01:23pm Friday 22 September 2017

Miller Study Finds High Rate of Used Syringes on Miami Streets

In comparing the two cities, Hansel E. Tookes, a second-year medical student, replicated the methods of a previous study done in San Francisco in 2008. For the 2009 Miami study, Tookes and fellow students and staff members conducted visual inspections in the top quartile of Miami neighborhoods with the highest concentration of drug use, as designated by city data.

The researchers walked the streets of each city looking for syringes and found that there were close to 400 dirty syringes in Miami, more than eight times as many as on the streets of San Francisco, the city with needle and syringe programs.

The researchers also interviewed more than 1,000 injection drug users in these cities, and found that in Miami they were more than 34 times as likely to report public disposal of syringes as their counterparts in the city with needle and syringe programs (NSPs). The study—which is believed to be the first NSP versus non-NSP city-to-city comparison— revealed that 95 percent of syringes used by injection drug users in Miami were disposed of improperly, versus only 13 percent in San Francisco. Improper disposal in Miami neighborhoods translated to nearly 10,000 needles and syringes per month cast aside in trash cans, sewers, parks and other public places.

“It is clear that cities such as Miami may benefit from implementation of needle and syringe programs to provide a venue for safe syringe disposal, and to reduce the transmission of blood-borne diseases to injection drug users and other community members,” said Tookes, who conducted the study with his colleagues as his final project for his master’s in public health, also at the Miller School.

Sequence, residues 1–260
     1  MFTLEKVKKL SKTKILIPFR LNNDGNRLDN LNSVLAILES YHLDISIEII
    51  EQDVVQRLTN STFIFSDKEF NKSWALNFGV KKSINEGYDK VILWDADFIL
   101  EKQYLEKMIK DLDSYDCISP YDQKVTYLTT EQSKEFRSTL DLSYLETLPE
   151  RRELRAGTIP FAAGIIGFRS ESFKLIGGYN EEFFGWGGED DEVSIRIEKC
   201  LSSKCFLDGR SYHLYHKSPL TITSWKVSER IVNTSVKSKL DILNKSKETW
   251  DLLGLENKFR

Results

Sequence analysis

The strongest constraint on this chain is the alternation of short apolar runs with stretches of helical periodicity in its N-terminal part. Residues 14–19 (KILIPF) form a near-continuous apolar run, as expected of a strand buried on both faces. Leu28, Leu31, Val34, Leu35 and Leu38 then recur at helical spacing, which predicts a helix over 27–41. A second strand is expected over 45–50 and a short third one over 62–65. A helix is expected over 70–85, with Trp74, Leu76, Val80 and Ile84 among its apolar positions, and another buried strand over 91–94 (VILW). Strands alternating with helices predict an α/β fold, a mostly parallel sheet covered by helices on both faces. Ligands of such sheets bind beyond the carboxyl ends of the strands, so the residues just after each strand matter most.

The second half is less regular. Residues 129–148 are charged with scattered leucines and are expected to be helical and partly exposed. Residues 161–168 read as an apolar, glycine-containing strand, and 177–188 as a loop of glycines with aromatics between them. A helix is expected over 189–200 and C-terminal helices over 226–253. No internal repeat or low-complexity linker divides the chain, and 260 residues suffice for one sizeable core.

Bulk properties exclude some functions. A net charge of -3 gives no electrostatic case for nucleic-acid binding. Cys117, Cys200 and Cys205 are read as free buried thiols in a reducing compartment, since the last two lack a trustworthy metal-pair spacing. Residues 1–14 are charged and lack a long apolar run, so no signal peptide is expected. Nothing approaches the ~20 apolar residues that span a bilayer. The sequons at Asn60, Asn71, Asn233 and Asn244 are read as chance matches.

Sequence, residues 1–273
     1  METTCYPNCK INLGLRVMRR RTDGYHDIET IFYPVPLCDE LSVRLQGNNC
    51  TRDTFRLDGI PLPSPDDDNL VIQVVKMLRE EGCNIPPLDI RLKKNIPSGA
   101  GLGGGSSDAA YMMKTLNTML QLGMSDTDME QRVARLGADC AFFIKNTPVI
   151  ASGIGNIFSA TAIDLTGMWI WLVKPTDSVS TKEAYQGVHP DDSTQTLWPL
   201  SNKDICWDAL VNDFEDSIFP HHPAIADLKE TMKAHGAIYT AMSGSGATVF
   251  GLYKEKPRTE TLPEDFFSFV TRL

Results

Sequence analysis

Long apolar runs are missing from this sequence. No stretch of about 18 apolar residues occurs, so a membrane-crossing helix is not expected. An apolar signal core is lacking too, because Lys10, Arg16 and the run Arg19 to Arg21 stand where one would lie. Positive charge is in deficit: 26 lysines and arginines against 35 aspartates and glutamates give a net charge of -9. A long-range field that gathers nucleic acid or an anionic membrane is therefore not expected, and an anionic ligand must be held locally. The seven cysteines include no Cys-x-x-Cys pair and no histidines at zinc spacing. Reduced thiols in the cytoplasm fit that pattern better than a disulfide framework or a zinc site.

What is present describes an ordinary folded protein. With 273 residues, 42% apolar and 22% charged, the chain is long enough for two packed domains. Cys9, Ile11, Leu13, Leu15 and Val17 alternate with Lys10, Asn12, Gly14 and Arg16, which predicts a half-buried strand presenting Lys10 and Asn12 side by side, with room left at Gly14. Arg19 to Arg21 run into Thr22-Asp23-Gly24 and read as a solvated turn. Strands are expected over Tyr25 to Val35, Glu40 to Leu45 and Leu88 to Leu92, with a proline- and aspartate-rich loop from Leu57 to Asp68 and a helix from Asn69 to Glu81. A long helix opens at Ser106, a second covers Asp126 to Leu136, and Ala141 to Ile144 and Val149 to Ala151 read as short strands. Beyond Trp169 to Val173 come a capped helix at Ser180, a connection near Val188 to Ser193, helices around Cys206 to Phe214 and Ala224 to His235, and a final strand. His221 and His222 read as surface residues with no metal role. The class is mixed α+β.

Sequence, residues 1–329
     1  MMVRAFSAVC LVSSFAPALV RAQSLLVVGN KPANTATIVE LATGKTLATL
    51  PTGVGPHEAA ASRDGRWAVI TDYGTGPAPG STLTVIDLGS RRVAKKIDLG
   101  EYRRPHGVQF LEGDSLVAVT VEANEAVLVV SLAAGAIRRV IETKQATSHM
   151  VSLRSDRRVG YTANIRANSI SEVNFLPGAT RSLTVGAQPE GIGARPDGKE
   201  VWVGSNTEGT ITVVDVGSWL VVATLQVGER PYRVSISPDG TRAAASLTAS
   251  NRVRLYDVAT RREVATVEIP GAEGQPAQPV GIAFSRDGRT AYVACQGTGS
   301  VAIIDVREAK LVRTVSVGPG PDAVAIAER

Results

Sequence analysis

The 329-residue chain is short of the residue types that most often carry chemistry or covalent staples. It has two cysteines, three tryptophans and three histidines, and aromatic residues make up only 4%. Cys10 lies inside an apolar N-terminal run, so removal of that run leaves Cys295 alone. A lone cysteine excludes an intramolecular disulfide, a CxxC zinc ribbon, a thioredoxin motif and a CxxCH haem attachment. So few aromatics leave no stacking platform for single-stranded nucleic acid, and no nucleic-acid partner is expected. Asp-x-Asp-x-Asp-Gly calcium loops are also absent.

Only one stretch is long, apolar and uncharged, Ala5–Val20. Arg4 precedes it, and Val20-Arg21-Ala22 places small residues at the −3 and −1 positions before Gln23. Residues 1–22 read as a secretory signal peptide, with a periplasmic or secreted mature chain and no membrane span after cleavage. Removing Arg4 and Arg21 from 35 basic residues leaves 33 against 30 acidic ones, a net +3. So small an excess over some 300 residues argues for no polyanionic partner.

The study, “A comparison of syringe disposal practices among injection drug users in a city with versus a city without needle and syringe programs,” was published online on December 28 in a leading substance use journal, Drug and Alcohol Dependence.

For the study, Tookes worked with a team from the Miller School, which included his advisor Lisa R. Metsch, Ph.D., professor of epidemiology and public health, and a San Francisco-based team, which included Alex H. Kral, Ph.D., an infectious disease epidemiologist who is director of the Urban Health Program in the Behavioral Health and Criminal Justice Research Division of RTI International.


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